How to Make a Great Imagine Cup Entry

A lot of the teams I spoke to over the week at the Imagine Cup wanted to know what makes a great entry. I told them all most of this, but I thought it might be useful to put it all down in a blog post for all to see.

Make sure that the purpose of your entry is clear. The categories by which the entries are judged in the competition are available for everyone to see, and some of the most important ones are concerned with the purpose of your system. It needs to be very clear who your entry is aimed at, the problem that it solves, and the way that it solves it. Just wanting to "make things better" is all very well, but you need to have clear focus on motivation (why you are doing this) and deliverables (what your project produces). All the entries that I saw in the world final had good, clear, focus, but I've seen ones in earlier rounds which have been very vague about what they do and who would use them.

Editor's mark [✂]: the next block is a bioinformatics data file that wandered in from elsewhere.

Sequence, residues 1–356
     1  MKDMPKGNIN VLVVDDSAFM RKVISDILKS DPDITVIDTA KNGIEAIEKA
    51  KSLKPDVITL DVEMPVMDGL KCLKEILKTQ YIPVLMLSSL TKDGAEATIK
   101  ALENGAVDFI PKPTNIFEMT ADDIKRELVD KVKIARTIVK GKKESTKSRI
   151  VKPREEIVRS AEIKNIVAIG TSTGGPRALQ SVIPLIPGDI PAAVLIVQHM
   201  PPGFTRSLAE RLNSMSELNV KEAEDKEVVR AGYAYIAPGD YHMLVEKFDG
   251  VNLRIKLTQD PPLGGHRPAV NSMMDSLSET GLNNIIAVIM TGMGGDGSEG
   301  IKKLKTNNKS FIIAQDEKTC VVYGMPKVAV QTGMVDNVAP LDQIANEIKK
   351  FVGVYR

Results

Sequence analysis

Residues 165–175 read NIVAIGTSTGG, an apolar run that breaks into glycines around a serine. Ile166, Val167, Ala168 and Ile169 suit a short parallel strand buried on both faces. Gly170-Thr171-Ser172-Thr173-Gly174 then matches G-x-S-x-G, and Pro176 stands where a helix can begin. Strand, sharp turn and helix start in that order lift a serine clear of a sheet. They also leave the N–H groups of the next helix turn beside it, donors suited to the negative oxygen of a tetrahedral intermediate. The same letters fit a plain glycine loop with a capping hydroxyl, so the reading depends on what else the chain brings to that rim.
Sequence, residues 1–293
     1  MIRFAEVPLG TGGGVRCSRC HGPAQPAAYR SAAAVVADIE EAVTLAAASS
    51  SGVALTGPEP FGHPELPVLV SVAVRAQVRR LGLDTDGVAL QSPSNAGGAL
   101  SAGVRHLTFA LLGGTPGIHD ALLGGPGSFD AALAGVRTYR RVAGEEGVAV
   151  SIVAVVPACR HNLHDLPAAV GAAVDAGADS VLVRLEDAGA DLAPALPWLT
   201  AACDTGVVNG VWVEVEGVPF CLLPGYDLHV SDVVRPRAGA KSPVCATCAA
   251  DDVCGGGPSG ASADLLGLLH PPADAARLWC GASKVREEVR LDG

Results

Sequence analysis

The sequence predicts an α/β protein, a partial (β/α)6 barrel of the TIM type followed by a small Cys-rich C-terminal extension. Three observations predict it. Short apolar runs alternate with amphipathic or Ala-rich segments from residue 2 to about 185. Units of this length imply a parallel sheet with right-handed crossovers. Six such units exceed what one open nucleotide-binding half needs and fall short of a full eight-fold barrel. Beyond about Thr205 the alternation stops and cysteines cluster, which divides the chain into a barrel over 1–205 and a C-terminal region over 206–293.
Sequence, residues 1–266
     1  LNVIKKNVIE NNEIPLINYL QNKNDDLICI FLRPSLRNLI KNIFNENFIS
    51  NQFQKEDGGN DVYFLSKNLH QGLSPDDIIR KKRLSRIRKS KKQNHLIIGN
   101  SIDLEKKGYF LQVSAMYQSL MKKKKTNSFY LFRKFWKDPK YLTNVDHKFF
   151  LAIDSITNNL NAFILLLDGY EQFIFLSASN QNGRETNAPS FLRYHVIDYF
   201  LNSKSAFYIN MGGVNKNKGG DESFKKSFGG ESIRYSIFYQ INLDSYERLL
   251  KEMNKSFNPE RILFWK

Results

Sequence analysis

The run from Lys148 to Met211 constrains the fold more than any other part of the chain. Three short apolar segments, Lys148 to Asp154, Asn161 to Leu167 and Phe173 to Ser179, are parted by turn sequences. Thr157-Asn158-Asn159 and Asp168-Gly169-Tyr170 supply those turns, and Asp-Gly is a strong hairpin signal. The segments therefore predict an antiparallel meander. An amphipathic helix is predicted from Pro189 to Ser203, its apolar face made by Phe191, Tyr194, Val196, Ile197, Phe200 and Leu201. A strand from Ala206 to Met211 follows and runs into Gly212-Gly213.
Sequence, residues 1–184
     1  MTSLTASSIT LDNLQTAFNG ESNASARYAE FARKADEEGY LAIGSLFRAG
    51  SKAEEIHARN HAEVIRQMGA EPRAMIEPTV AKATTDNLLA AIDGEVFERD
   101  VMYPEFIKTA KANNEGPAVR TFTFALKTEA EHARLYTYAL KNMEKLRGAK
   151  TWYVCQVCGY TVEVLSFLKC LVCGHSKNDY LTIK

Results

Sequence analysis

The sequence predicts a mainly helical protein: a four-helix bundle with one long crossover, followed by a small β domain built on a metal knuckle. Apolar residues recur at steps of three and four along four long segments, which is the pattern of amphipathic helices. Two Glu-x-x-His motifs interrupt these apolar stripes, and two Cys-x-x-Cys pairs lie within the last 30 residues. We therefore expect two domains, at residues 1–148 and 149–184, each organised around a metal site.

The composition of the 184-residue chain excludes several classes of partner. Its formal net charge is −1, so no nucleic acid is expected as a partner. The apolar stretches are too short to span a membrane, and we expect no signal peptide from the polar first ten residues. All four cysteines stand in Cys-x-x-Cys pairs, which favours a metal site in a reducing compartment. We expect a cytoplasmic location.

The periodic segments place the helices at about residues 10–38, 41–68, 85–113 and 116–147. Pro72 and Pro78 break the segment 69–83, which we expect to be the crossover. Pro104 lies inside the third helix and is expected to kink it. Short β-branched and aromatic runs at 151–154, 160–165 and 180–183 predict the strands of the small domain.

Don't add too much. Some of the entries suffered because they contained too many functions. The power of modern development tools makes it very easy to add a forum, a mobile client, an expert system or a map to a solution. But before you put these in, consider how much they improve it. Do the features add value, or are they distractions from the core purpose of the solution? The judges are looking for a good solution to a problem, and too many bells and whistles might confuse. However, one thing that does impress is attention to detail around the core idea. If you can show how you have considered what happens if parts of the system fail or are abused by users this adds greatly to your credibility and that of your approach to the problem.

Don't re-invent the wheel. Always try to find ways you can make use of existing systems or software to make your entry better. If users of your solution need a username and password to get access to it, don't create your own user database. People hate being given new usernames and passwords to remember. Instead see if you can use existing login systems such as Windows Live logins or FaceBook accounts to identify users.